Chronicling the crack-up—one commute at a time, one failure at a time—of 1990s attorney Jim Truman, as he tries to keep death at a distance with whatever and whoever he can.
Really, I’m not like that. It’s just that sometimes you have to be something else — be somewhere else — just to, you know, survive. Everybody does it. On the train, I see them every morning, those faces. And in the office, especially if you take a sudden turn after the copy machine, catch them when they think no one’s watching. Life’s hard. You have to do what you can. Right?
Looks at four suburban couples over the weekend as lives and families come together and come apart against a backdrop of nature out of control—the coyote in the back yard—and secret genetic manipulation; not to mention a small newspaper with a big story, and a suicide that won’t stay hidden.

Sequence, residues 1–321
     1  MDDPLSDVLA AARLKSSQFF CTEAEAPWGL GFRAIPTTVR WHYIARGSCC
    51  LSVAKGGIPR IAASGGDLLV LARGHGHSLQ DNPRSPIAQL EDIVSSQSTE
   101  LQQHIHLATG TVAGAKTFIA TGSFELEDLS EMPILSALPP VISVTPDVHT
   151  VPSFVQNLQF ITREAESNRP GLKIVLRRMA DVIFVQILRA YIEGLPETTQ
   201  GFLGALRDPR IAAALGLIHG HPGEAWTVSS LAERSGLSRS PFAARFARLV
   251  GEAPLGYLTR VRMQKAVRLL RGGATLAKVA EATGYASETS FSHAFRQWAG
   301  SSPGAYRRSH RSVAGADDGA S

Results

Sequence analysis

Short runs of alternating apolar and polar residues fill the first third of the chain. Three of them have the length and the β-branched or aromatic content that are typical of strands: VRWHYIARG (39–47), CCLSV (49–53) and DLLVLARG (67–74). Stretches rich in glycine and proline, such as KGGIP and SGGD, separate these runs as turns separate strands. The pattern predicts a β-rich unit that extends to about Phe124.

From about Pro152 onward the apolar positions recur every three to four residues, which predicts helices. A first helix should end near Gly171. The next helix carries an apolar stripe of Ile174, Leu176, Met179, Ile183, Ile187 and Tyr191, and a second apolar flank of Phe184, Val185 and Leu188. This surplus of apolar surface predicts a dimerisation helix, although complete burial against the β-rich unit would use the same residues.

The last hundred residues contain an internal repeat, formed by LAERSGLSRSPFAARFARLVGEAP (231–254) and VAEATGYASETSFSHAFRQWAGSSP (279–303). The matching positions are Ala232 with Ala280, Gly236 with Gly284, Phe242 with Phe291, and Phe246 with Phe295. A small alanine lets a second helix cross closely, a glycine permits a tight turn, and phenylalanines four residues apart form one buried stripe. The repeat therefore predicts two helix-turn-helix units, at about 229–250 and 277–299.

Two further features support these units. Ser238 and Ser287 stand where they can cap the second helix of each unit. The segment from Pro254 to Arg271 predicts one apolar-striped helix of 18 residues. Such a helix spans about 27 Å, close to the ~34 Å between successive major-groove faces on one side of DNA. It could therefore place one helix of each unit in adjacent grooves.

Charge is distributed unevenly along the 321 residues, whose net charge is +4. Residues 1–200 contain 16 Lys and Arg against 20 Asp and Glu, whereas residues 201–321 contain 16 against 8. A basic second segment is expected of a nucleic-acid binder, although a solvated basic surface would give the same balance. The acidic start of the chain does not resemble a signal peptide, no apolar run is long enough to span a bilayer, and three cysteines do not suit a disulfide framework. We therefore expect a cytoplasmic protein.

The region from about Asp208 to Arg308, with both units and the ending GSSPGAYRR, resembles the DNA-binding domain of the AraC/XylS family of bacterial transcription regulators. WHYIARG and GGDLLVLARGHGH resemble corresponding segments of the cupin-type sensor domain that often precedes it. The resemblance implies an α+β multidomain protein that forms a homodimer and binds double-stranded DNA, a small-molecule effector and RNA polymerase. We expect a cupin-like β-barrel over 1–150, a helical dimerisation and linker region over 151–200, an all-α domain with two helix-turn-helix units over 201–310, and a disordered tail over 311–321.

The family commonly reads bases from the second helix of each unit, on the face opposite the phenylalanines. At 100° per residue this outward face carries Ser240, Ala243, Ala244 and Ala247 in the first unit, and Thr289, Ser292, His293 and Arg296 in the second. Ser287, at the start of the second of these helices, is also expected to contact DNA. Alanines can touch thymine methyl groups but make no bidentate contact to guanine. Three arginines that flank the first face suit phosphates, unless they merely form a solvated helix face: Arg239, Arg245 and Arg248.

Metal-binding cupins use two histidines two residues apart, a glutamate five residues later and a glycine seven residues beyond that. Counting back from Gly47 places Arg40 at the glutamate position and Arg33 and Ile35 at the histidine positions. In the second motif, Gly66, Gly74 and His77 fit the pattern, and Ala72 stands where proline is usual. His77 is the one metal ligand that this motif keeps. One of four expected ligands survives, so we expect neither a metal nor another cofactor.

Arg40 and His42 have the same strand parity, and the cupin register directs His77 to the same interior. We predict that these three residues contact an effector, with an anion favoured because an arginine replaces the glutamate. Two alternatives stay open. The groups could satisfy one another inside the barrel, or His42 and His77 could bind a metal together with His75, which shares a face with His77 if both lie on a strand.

Peter looked across the pool, then up past the fence and the now dark green trees to the gray sky and watched the lightning. ‘Am I,’ he wondered, ‘the only person here thinking “That lightning is over the Seven-Eleven on Route One and headed this way?”‘
The Man Who Froze Bees:
A comedy of manners that asks the age old question: Why shouldn’t an elderly financier pursue all his hobbies?
“Winston,” said his sister Julia, “I don’t blame you for wanting to marry again. I don’t even blame you for wanting to marry someone young. Young people have pep. But marrying someone as young as you tell me this Eloise person is is just asking for a mare’s nest.”